Friday,22 September, 2017
Current issue | Issue 1331, (9 - 15 February 2017)
Friday,22 September, 2017
Issue 1331, (9 - 15 February 2017)

Ahram Weekly

Who wants to be called Gaga?

Stefani Joanne Angelina Germanotta
Stefani Joanne Angelina Germanotta

According to linguists, “gaga” is a word of old French origin meaning “senile”, “foolish”, “demented” or “dotty”. Now who wishes to be called that?

By the 1900s the word “gaga” entered the English lexicon with a slight twist. Given a softer interpretation, it is now commonly used in the sense of “deep infatuation”, or mockingly, “mooning over”, as in “he is gaga over his bride.”  

Phonetically, the word has an ugly sound. At best it would be used to entertain a new-born baby, with senseless babble. No parent would burden or embarrass a child with such a name, but to adopt it yourself is akin to madness, unless of course it is preceded by “Lady”, as in Lady Gaga, which proves there is a method to this madness, which evades us.

No striking beauty, she made the most of everything without the slightest regard of what others think. Lady Gaga may be a polarising figure, but the public cannot get enough of her, her music, her fashion, her personae.

Invited to be the main attraction, during half-time, at the Superbowl last Sunday, 5 February, in Houston is a major honour reserved for top-of-the-line entertainers.

Lady Gaga did not disappoint. In case you are unaware, in sports this is equivalent to the Oscars in show business. To emphasise the importance of the Superbowl, 140,000 guests have travelled to Houston to attend or cover the event.

Descending from a helicopter in the middle of the field, Lady Gaga, the 70,000 plus attendants and the 111 million US viewers on TV, forgot about the game and were gaga over Gaga.

She said she decided on Lady Gaga because of its “distinctive connotation”. It is puzzling which word is distinctive.

Born Stefani Joanne Angelina Germanotta, she was born to an affluent Italian yuppie-mobile tech couple Joe and Cynthia Germanotta. Little Stefani grew up in a posh apartment, equivalent to a mansion, in mid-Manhattan. Very musically inclined, as are all Italians, Stefani listened at home to Bach, Beethoven, Mozart, Rachmaninoff, as well as Frank Sinatra, the Beatles, Stevie Wonder, Madonna and the like. She won a Jazz competition at age 15.

She discovered the piano at age two, unable yet to reach the keys. Her fingers travelled mechanically over them, actually producing melodies. She loved the instrument and piano lessons followed on a daily basis. She was enrolled at the exclusive Sacred Heart Catholic School. She was admitted to the prestigious Tisch School of the Arts at New York University. Her extraordinary career is well grounded in a sound education.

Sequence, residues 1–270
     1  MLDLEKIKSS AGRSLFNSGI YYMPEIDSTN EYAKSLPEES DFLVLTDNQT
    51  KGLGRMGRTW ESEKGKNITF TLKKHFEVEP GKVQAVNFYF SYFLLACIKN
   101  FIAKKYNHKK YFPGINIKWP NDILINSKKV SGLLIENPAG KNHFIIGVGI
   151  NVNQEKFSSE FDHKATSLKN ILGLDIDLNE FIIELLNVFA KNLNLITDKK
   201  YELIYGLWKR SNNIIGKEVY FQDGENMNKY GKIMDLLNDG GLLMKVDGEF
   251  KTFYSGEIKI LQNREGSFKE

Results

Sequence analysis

Her talents did not go long unnoticed. Her first album “The Fame” created a sensation and quickly became number one on the pop-charts. Edging Madonna and Beyoncé, she became known as “The Queen of Pop” and within a few short years, she gave us five  albums, all leading the charts. Most distinctive is her duet album with Antonio Benedetto, better known as 92-year-old Tony Bennett, “Cheek to Cheek”. It won a Grammy Award for Best Traditional Pop Local Album, nothing less than brilliant.

Some may recall her rendition of the songs of “The Sound of Music” during last year’s Oscars. She brought the audience to their feet and tears to Julie Andrews’ cheeks.

Yes, the Lady’s greatness is real. Her violent passions can cover a whole town and her drive to express herself in the most unconventional most startling manner is one we look forward to.

But “Gaga”? An influence on modern culture, global fame, role model, self-esteem booster for her fans, needs a more appropriate name.

There is more than one version to its choice. She claims to have been inspired by a song by the rock group Queen “Radio Gaga”. Her manager Bob Fusari claims he came up with it, because her voice reminded him of the group’s lead singer Freddie Mercury, and he called her Gaga for a long time. By mere chance “Lady” showed upon his cell phone as a misspelling for “Radio”. Stefani liked it and kept it. Fusari sued for $35 million but later dropped the suit. According to The New York Post it was neither, but a product of a marketing meeting.

The name caught on and her fans took to it. The “Lady” flew with it to unreached heights, envied by all.

Her outlandish sense of fashion landed her on the best 100 fashion icons of the end of this decade, with Michael Jackson, Madonna and the Beatles by Entertainment Weekly. As of 16 January, global sales of her albums reached 27 million and singles 146 million. She is considered the best-selling musician of all time. Now that is a surprise, especially that few remember any of her songs.

The number of her awards is staggering. Did we fail to mention she won a Golden Globe for Acting? Best among them is that she is the first artist to win the Songwriters Hall of Fame’s Contemporary Icon Award. She is only 30.

In 2013 Time magazine picked her as one of the most influential people of the past 10 years. There is more. Since 2011, the University of South Carolina offers a course on “Lady Gaga and the Sociology Relevant Dimensions of ‘The Fame’ of Lady Gaga”, unravelling some of the most sociological relevant dimensions of the fame of Lady Gaga. Go figure.

Her greatness is so real it triumphed over her name. Still ugly. Ugh.


“The luck of having talent is not enough; one must also have a talent for luck.”

Hector Berlioz (1803-1869)      

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